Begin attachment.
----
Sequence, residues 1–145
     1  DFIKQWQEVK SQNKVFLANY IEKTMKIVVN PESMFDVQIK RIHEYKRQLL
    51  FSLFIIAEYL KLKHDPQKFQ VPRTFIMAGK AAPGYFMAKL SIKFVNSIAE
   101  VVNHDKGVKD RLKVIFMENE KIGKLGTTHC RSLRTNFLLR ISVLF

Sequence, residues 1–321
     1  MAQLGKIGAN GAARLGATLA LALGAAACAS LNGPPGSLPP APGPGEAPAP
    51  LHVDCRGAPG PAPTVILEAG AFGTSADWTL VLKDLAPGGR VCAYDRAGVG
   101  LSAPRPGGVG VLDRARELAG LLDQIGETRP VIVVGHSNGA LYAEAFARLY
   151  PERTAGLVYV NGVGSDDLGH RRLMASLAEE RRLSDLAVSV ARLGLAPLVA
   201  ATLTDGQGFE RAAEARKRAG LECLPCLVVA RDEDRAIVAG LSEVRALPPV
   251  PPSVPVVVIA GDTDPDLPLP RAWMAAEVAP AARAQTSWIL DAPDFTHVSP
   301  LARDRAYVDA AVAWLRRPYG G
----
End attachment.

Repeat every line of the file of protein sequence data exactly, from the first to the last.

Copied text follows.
Sequence, residues 1–145
     1  DFIKQWQEVK SQNKVFLANY IEKTMKIVVN PESMFDVQIK RIHEYKRQLL
    51  FSLFIIAEYL KLKHDPQKFQ VPRTFIMAGK AAPGYFMAKL SIKFVNSIAE
   101  VVNHDKGVKD RLKVIFMENE KIGKLGTTHC RSLRTNFLLR ISVLF

Sequence, residues 1–321
     1  MAQLGKIGAN GAARLGATLA LALGAAACAS LNGPPGSLPP APGPGEAPAP
    51  LHVDCRGAPG PAPTVILEAG AFGTSADWTL VLKDLAPGGR VCAYDRAGVG
   101  LSAPRPGGVG VLDRARELAG LLDQIGETRP VIVVGHSNGA LYAEAFARLY
   151  PERTAGLVYV NGVGSDDLGH RRLMASLAEE RRLSDLAVSV ARLGLAPLVA
   201  ATLTDGQGFE RAAEARKRAG LECLPCLVVA RDEDRAIVAG LSEVRALPPV
   251  PPSVPVVVIA GDTDPDLPLP RAWMAAEVAP AARAQTSWIL DAPDFTHVSP
   301  LARDRAYVDA AVAWLRRPYG G